January 14, 2019
U.S. economic growth has been up, the bull run in the stock market has been long and profitable, and unemployment has been down. There’s no denying that is a wonderful combination.
However, there are a few signs the bears are waking up to bring the party to a halt.
First, nearly all measures indicate the housing market is declining. New and existing home sales, pending sales, housing starts, median prices, and mortgage applications – they’re down relative to just a few months ago.
Rises in interest rates are one culprit. Median home prices fell relative to last year, and the highest number of new homes are on the market since 2009.
If this looks familiar, you’re right. Many of these signs appeared in late 2007 and early 2008.
A second unsettling bearish indicator comes from the labor market. Jobless benefit applications increased to a six-month high in late November, with claims creeping up for consecutive weeks.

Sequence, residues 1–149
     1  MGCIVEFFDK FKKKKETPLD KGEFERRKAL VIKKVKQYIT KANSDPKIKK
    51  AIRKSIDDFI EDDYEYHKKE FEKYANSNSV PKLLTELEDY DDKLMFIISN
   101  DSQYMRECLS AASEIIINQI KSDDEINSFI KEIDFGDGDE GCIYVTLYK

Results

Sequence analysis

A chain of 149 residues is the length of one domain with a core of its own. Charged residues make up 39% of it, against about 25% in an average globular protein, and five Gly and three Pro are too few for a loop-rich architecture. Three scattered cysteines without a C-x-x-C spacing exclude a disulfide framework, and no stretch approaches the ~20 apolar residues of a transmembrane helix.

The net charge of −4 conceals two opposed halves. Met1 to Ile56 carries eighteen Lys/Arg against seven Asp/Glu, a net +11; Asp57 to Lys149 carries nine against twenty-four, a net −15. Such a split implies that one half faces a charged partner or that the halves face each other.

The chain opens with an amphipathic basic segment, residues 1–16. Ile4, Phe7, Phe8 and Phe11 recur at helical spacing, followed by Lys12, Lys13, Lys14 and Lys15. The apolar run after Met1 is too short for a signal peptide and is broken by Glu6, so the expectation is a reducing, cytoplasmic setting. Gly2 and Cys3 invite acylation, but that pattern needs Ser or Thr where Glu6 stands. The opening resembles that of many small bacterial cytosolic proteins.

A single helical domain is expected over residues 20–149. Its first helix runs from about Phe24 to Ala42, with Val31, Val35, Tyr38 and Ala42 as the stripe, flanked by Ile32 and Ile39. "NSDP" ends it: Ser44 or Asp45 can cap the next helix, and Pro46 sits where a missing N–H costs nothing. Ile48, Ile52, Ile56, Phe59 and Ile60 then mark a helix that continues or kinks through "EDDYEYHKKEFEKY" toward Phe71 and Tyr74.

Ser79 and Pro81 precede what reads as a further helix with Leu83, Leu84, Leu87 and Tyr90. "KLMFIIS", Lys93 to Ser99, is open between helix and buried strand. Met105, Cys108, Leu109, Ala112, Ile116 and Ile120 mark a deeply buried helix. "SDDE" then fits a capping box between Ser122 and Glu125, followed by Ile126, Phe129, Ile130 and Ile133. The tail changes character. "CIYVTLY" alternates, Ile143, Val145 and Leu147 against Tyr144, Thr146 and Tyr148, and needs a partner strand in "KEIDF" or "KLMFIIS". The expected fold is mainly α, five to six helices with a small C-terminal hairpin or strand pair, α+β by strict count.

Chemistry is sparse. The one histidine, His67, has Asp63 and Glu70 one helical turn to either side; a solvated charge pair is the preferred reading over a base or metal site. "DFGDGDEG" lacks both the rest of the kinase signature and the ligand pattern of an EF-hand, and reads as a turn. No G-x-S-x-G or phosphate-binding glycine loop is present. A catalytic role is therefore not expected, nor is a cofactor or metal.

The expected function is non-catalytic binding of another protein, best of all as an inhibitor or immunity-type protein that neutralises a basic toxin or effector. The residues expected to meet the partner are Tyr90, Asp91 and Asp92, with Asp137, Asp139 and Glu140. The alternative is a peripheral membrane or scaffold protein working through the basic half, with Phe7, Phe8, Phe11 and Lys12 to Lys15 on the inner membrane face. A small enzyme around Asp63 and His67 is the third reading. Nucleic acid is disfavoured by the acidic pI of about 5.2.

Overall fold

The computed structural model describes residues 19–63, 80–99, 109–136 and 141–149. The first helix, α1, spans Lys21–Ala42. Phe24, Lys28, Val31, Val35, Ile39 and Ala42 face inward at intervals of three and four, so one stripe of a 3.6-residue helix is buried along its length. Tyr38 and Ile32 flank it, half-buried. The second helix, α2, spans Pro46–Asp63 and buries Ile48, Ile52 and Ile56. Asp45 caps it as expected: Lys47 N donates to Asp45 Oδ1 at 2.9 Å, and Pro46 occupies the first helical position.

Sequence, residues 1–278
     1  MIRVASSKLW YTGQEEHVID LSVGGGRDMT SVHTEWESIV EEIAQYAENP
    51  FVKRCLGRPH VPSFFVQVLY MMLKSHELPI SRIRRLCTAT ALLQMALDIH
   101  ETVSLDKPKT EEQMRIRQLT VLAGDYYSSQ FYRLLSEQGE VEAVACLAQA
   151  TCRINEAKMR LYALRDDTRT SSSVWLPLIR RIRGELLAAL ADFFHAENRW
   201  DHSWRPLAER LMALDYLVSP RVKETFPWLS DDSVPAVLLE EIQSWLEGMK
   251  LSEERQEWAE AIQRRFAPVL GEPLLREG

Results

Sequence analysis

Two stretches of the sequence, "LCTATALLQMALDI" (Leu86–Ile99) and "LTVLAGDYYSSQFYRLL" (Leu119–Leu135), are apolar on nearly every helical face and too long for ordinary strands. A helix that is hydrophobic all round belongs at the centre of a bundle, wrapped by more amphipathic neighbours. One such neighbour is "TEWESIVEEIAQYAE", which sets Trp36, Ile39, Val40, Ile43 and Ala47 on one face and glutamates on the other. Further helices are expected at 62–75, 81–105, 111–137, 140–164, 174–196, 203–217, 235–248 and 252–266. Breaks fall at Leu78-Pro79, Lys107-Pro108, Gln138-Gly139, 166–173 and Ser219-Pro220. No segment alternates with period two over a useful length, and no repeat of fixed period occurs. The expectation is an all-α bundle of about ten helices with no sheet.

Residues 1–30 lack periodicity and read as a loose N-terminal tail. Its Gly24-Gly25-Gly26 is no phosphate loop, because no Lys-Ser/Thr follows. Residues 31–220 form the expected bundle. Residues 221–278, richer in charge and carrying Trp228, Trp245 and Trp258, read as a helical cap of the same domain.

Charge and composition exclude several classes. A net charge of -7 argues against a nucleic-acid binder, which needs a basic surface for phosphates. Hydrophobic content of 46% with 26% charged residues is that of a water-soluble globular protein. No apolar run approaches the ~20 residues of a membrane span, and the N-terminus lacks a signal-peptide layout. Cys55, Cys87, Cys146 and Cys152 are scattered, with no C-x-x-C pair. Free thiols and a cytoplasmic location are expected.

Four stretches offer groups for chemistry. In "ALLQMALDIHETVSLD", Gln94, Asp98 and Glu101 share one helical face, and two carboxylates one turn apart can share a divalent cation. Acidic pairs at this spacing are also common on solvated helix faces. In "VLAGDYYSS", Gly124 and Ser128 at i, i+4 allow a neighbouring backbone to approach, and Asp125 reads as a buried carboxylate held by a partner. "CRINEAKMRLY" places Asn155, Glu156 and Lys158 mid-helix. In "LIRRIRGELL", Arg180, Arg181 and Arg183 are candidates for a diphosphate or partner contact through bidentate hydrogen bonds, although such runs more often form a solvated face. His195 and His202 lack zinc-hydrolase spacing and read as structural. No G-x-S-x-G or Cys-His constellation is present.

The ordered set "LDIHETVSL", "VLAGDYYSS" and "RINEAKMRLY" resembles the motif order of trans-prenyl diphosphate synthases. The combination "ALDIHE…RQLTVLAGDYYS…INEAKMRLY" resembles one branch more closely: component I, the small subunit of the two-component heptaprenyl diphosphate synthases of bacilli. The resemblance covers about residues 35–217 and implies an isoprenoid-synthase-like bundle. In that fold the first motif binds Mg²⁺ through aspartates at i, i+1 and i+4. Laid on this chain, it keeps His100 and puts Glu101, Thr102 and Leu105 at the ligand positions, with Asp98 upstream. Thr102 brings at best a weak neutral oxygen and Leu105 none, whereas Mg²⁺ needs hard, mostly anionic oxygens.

Things have settled slightly since. That said, in 2008 we saw something similar – a slow creep of jobless claims followed by an avalanche of job losses. Could it happen again? Perhaps.
Piggybacking off that is a third possible forewarning of leaner times ahead – the fact that corporations are announcing major layoffs.
General Motors is cutting its workforce, along with closing five U.S. plants. Sears declared bankruptcy and cut several jobs. Ford could be next on the bad news train. And JC Penny, Walmart, Verizon, IBM, along with many others may follow suit.
So while the economy as a whole is doing well, there are signs of a recession rearing its head, which would bring the party to a standstill.